William S. Lind
26 October 2009
An article in the October 23 Washington Times points to what I think may be the next important evolution in Fourth Generation war. The piece concerns Mexico’s third-largest drug gang, La Familia. La Familia is best known for beheading people it does not like. But according to the article, its real claim to fame may be as a pioneer in seizing the mantle of legitimacy previously worn by the state.
La Familia is based in a poor, remote Mexican province, Michoacan, where the Mexican state has long been little more than another gang. Unlike the state, La Familia actually provides services for the province’s people. According to the Washington Times,
The group has a strong religious background and proclaims it is doing God’s work, passing out money and Bibles to poor people.
A DEA agent…said cartel leader Nazario Moreno Gonzales sees his drug dealing as serving the best interests of the people of Michoacan.
The agent said Mr. Moreno doesn’t want meth users among his people (meth is La Familia’s specialty) and will take users off the street and pay for their rehabilitation…
La Familia has won the loyalty of the people of Michoacan. According to the DEA, the group…now gives some of the proceeds of its drug trafficking to schools and local officials.
All of this has made it very difficult for authorities to go to Michoacan to arrest members of La Familia.
In effect, it appears La Familia has replaced the Mexican state in Michoacan. The gang provides an export-based economy where locals actually receive the profits. It tries to protect the local population from the negative environmental effects of its industry, i.e., addiction. It offers a range of social services.
Importantly, it deploys one of the most powerful claims to legitimacy, religion. The fact that the Mexican state is rigidly secular makes the Christian identity La Familia seeks all the more effective. Very few peasants are agnostics.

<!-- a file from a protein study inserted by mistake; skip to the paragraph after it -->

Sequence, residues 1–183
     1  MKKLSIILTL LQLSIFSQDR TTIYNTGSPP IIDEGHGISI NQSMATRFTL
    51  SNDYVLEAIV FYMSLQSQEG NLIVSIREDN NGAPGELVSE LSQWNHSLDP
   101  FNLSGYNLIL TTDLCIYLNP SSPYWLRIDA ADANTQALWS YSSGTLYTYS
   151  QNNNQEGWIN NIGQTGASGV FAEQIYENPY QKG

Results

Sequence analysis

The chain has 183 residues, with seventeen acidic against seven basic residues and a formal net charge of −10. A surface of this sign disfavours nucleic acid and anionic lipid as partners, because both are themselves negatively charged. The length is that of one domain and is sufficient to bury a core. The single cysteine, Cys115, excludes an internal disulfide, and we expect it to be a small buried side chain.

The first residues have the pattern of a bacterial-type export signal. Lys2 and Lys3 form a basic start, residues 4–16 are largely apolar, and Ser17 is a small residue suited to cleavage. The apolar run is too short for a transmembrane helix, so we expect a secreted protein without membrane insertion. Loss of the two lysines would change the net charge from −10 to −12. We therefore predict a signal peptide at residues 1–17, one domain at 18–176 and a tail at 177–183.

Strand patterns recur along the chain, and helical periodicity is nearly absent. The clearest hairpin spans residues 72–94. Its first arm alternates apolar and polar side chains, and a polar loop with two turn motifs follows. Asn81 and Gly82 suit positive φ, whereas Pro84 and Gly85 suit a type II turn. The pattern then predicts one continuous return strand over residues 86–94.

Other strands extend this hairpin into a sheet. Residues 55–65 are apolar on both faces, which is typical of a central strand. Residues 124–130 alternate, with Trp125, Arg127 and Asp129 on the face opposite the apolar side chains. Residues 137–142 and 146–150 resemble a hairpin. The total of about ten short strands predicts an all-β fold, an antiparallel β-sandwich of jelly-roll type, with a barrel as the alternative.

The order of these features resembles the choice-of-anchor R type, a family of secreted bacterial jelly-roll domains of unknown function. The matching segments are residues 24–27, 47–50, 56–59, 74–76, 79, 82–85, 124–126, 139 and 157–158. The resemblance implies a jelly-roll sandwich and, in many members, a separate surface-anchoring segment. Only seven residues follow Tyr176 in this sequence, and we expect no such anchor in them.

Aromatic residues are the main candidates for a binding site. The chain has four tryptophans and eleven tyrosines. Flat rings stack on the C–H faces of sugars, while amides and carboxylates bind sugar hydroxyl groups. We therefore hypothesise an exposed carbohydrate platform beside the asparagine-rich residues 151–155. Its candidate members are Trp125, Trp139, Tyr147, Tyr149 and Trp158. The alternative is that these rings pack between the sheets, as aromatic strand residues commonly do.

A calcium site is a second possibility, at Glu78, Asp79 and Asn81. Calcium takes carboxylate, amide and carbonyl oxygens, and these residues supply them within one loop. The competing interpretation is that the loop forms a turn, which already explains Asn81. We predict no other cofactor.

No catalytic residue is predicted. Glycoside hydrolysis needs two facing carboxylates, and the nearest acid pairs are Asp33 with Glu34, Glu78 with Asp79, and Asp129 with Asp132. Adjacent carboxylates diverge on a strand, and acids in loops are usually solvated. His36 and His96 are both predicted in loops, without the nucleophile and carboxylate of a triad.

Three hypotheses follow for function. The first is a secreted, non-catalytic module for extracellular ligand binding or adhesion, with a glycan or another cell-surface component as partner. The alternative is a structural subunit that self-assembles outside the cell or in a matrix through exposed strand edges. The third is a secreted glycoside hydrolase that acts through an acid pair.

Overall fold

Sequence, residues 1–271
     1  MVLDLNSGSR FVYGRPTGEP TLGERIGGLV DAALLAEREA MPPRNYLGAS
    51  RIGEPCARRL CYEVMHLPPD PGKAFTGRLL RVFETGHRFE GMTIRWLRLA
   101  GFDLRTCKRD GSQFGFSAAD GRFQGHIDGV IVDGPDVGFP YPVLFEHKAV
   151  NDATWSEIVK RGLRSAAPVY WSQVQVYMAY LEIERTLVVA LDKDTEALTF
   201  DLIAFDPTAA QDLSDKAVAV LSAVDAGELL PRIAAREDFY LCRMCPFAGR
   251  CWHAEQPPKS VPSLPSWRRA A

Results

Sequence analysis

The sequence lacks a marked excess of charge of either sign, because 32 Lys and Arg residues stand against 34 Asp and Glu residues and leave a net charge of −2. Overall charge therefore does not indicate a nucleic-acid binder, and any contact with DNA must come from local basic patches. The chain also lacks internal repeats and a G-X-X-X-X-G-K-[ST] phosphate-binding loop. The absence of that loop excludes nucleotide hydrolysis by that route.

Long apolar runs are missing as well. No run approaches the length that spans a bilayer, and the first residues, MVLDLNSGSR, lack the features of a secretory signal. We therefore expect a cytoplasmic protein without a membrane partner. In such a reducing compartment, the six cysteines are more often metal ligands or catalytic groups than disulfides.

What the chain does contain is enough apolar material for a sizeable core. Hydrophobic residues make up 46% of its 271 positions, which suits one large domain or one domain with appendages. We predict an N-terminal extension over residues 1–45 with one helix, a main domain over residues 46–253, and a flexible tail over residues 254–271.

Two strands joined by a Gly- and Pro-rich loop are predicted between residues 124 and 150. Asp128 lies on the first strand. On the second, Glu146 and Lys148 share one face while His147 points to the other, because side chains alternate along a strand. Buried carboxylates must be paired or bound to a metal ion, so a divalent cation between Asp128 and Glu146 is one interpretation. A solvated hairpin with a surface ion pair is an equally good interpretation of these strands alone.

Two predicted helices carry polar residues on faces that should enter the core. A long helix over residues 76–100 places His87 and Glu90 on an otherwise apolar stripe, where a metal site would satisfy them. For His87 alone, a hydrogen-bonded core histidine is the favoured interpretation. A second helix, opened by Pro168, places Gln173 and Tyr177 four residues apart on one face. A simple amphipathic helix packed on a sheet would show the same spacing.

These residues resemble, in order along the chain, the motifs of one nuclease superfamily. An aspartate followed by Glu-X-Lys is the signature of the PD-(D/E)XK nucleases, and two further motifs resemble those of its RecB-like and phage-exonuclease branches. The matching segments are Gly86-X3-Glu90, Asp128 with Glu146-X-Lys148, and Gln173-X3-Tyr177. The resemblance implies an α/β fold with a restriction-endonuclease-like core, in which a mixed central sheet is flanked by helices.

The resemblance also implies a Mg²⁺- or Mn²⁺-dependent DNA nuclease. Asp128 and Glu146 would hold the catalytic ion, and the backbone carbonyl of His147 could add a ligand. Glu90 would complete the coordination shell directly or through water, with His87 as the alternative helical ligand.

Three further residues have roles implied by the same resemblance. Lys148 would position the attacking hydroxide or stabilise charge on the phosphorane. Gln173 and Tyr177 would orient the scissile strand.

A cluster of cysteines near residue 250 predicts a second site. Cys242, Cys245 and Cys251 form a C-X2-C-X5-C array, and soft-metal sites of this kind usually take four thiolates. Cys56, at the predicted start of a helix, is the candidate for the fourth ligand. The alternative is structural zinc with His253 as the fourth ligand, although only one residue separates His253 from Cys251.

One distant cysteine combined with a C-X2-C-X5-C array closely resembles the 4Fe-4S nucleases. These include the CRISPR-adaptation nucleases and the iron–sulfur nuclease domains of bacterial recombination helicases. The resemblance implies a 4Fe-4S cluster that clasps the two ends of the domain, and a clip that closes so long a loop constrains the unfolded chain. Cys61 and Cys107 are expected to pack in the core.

La Familia’s brutal violence may work against or for its quest for legitimacy. If it uses violence carelessly so that the local population must fear being random victims, it will undermine its own legitimacy and push people back toward the state as a source of order. However, if its violence is carefully targeted so as to promote local order and enforce what may be perceived as justice, then even brutality may work in its favor.
Other gangs will undoubtedly figure out what La Familia seems to have grasped, namely that money spent to benefit the surrounding population can buy the best kind of protection, protection by the local people. What has always been true for guerrillas fighting for political goals is true for 4GW entities as well: once the government has to face a population united in support of its enemies, it has already lost.
This model – an illegal but widely profitable local economy + social services + religion – will, I think, spread widely. To succeed, it needs a weak state, one that takes from the local population but provides little or nothing in return. That kind of state is already common in much of the world and will become more so.
The Washington Times ran a header above this story that said “Second Front.” In fact, gangs such as La Familia are the first front. What is coming over our southern border is far more important to America’s future security that any of our wars in sandboxes half a world away. The story quotes Attorney General Eric Holder as saying, “Indeed, while this cartel may operate from Mexico, the toxic reach of its operations extends to nearly every state within our own country.”
Real national security is security in our homes, neighborhoods and cities. Unfortunately, the Washington Establishment continues to define “national security” as attaining world dominion. So long as it does so, it will continue to prop open the door for La Familia and other gangs, both imported and home-grown, which understand that what is real is local.
William S. Lind, expressing his own personal opinion, is Director for the Center for Cultural Conservatism for the Free Congress Foundation.
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[CR: Friends who were recently in Michoacan report that Bill may be exaggerating La Familia’s influence, but not by a lot. Certainly the situation represents the replacement of Mexican governmental influence in at least part of that state and demonstrates the ability of non-state armed groups to evolve in response to changes in the security environment, both in Mexico and in the US.
It’s also worth noting that La Familia’s goal does not appear to be to replace the government of either Michoacan or Mexico with its own cadres. That is, it represents something other than an insurgency, thereby meeting one of the criteria I’ve suggested for a “fourth generation” entity. In other words, we may be witnessing 4GW as the evolution of crime more than it is the evolution of war (=armed conflict among nations, something that Clausewitz and Sun Tzu agreed upon).]
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